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Lake Auburn East Wetland

Lake Auburn East Wetland is a combination of freshwater emergent and freshwater forested wetland. It is located on the east side of Lake Auburn, in Auburn, Maine on the outlet of the lake. The majority of this wetland is freshwater emergent wetland, which is adjacent to the lake, surrounded by the freshwater forested wetland farther from the lake.
This wetland is unique in its location, it is adjacent to the pumping station that supplies the drinking water for much of Auburn and Lewiston Maine. The Lake Auburn Watershed Protection Commission was formed by the Auburn Water District and City of Lewiston Water Division to ensure that Lake Auburn remains as the source of drinking water for the two cities. Special arrangements have to be made to visit this wetland as it is protected and human contact with the water is prohibited.


In the Lake Auburn East Wetland the soils that are located directly next to the lake are considered to be hydric. These soils are the result of soil saturated with water, allowing less oxygen to be available for respiration. In these soil conditions, bacteria often have to use elements other than oxygen to facilitate respiration.

In the Lake Auburn East Wetland there are two types of hydric soils which are surrounded by non-hydric soils farther from the lake. The majority of the wetland that I surveyed was classified as Peat and Muck, however most of the surveying was done on non-saturated soils that are classified as Buxton Silt loam.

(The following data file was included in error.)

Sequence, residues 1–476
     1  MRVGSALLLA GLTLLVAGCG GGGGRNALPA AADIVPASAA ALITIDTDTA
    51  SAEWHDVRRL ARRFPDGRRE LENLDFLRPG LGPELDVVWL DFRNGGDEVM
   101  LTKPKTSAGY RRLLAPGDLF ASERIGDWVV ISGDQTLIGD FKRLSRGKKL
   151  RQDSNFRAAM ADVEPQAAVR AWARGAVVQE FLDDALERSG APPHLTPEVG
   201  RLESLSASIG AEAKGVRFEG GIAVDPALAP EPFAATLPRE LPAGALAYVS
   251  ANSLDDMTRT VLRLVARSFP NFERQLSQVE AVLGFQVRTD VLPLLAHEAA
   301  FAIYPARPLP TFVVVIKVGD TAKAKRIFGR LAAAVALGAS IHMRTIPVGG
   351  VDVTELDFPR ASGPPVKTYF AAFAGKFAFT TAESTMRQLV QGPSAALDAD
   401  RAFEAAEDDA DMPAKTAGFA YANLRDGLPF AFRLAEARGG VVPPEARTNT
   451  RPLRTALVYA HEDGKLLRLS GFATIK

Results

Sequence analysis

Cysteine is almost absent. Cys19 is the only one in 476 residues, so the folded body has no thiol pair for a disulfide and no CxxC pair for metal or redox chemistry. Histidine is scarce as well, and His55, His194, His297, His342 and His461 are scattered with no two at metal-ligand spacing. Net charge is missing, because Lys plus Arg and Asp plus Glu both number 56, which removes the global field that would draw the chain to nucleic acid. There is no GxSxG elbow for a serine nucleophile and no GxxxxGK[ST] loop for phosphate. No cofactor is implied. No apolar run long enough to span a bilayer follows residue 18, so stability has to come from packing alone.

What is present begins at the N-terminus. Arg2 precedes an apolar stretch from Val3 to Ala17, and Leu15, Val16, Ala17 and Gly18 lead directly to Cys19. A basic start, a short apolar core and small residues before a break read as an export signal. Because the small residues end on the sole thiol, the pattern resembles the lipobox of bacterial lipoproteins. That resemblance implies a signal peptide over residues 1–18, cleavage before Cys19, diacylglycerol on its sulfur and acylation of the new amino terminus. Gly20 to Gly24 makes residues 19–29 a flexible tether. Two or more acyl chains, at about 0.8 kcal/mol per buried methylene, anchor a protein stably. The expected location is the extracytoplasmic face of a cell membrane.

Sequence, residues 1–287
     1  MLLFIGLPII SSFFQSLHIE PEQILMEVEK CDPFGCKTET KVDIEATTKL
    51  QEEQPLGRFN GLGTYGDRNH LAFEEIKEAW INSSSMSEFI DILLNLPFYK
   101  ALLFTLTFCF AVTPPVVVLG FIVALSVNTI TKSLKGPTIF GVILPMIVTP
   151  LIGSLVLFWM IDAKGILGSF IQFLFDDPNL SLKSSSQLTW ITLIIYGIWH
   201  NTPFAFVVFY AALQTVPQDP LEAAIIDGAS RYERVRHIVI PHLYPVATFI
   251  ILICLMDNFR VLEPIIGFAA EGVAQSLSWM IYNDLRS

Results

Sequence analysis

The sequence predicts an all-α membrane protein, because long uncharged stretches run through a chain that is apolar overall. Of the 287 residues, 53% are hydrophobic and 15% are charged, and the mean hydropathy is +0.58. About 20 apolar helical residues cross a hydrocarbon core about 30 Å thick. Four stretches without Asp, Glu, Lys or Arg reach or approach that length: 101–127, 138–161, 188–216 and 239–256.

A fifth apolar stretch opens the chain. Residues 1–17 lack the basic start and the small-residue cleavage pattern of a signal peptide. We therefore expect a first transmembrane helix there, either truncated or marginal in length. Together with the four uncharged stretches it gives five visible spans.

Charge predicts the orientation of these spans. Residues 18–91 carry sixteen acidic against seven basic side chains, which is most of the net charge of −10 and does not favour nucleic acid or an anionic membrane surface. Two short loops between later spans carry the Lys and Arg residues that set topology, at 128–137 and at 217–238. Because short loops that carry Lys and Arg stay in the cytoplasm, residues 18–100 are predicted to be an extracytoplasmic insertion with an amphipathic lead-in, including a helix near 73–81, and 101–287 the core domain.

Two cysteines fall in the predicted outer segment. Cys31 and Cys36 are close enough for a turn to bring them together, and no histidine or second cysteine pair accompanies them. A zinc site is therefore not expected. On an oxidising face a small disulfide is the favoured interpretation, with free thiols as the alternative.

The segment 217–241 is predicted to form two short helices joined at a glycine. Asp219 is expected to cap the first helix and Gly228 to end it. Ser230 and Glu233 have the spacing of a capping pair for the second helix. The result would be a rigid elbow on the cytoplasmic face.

The Lake Auburn East Wetland has two unique features in relation to Lake Auburn. It is near the outlet of the lake, with the water traveling from west to east across the lake, then exiting the lake under Route 4, it continues along as a stream that ultimately deposits into the Androscoggin River. The Peat and Muck soils measured 13.9 acres and the Buxton Silt loam portion was 7.3 acres. Peat and Muck soils are flat and generally between 0-25 centimeters from the water table. The Buxton Silt loam ranged between 50 and 100 centimeters from the water table. These physical attributes allow the Peat and Muck soils to be saturated by water, causing the hydric conditions.  


The section of wetland abutting the lake is the Freshwater Emergent Wetland, where herbaceous hydrophytes, with the exception of mosses and lichen species, along with other perennial plants are dominant.  
The forested section of wetland was dominated by old coniferous growth, including White Pine (Pinus strobus), and Balsam Fir (Abies balsamea). There was also some Bog Sedge (Carex magellancia), and Cattail (Typha angustifolia) dominated the emergent portion of the wetland.


Wetland information and photos by Riley Bergeron, Department of Environmental Science,
Last updated on 05/9/2012 by CHVB.